Pregnant women: Health experts do not yet know if pregnant women are impacted by COVID-19 in the same way as other people. However, pregnant women experience changes in their bodies that may increase their risk from some infections.

People without easy access to healthcare

Download a poster asking people not enter your building(external link)

Find out more about COVID-19

For some of new Zealand’s communities, other aspects of their lives may mean they are also at risk. This includes:

Residents of aged care facilities: Aged care facilities are susceptible to rapid transmission of viruses like this. Residents are more susceptible to illnesses due to their age and they are also more likely to have underlying health conditions.

New Zealand COVID-19 alert levels

The alert system means people can see and plan for the kinds of restrictions we may be required to put in place. This includes escalating restrictions on human contact, travel and business operations.

Download a table of the COVID-19 alert levels [PDF, 50 KB](external link)

These alert levels specify the public health and social measures to be taken.

The measures may be updated on the basis of (i) new scientific knowledge about COVID-19 and (ii) information about the effectiveness of intervention measures in New Zealand and elsewhere.

The alert levels may be applied at a town, city, territorial local authority, regional or national level.

Different parts of the country may be at different alert levels. We can move up and down alert levels.

In general, the alert levels are cumulative, e.g. Level 1 is a base-level response. Always prepare for the next level.

At all levels, health services, emergency services, utilities and goods transport, and other essential services, operations and staff, are expected to remain up and running. Employers in those sectors must continue to meet their health and safety obligations.

Level 4 Eliminate

Likely that disease is not contained.

Risk assessment

Sustained and intensive transmission

Widespread outbreaks

Range of measures (can be applied locally or nationally)

People instructed to stay at home

Educational facilities closed

Businesses closed except for essential services (e.g. supermarkets, pharmacies, clinics) and lifeline utilities

Rationing of supplies and requisitioning of facilities

Travel severely limited

Major reprioritisation of healthcare services

Level 3 Restrict

Heightened risk that disease is not contained.

Risk assessment

Community transmission occurring OR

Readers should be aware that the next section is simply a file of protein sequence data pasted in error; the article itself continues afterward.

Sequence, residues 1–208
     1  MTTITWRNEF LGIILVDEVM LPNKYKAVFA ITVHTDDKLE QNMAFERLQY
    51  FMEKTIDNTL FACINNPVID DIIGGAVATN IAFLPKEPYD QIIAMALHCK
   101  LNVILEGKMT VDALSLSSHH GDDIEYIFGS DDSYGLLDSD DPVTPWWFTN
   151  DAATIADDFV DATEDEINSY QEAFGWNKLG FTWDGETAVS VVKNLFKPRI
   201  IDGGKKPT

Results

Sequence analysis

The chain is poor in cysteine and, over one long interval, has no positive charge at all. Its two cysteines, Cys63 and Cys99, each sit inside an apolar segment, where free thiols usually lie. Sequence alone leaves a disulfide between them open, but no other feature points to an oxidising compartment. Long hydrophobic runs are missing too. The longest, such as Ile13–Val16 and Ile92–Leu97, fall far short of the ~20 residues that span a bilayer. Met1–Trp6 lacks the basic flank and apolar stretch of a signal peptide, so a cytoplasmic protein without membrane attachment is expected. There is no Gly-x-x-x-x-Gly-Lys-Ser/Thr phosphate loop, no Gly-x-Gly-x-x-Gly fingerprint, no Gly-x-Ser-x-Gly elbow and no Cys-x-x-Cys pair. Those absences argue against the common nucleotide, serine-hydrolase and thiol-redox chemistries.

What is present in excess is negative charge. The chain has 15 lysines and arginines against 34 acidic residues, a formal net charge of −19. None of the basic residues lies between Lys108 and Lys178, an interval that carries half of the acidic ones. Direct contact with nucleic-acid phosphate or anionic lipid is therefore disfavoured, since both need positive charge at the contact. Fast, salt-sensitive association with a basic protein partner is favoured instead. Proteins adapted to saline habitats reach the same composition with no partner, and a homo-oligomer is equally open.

Multiple clusters break out

Range of measures (can be applied locally or nationally)

Travel in areas with clusters or community transmission limited

Affected educational facilities closed

Mass gatherings cancelled

Public venues closed (e.g. libraries, museums, cinemas, food courts, gyms, pools, amusement parks)

Alternative ways of working required and some non-essential businesses should close

Non face-to-face primary care consultations

Non acute (elective) services and procedures in hospitals deferred and healthcare staff reprioritised

Level 2 Reduce

Disease is contained, but risks of community transmission growing.

Risk assessment

High risk of importing COVID-19 OR

Increase in imported cases OR

Increase in household transmission OR

Single or isolated cluster outbreak

Range of measures (can be applied locally or nationally)

Entry border measures maximised

Further restrictions on mass gatherings

Physical distancing on public transport (e.g. leave the seat next to you empty if you can)

Limit non-essential travel around New Zealand

Employers start alternative ways of working if possible (e.g. remote working, shift-based working, physical distancing within the workplace, staggering meal breaks, flexible leave arrangements)

Business continuity plans activated

High-risk people advised to remain at home (e.g. those over 70 or those with other existing medical conditions)

Level 1 Prepare

Disease is contained.

Risk assessment

Heightened risk of importing COVID-19 OR

Sporadic imported cases OR

Isolated household transmission associated with imported cases

Range of measures (can be applied locally or nationally)

Border entry measures to minimise risk of importing COVID-19 cases applied

Contact tracing

Stringent self-isolation and quarantine

Intensive testing for COVID-19

Physical distancing encouraged

Mass gatherings over 500 cancelled

Stay home if you’re sick, report flu-like symptoms

Wash and dry hands, cough into elbow, don’t touch your face

RN_admin
Author: RN_admin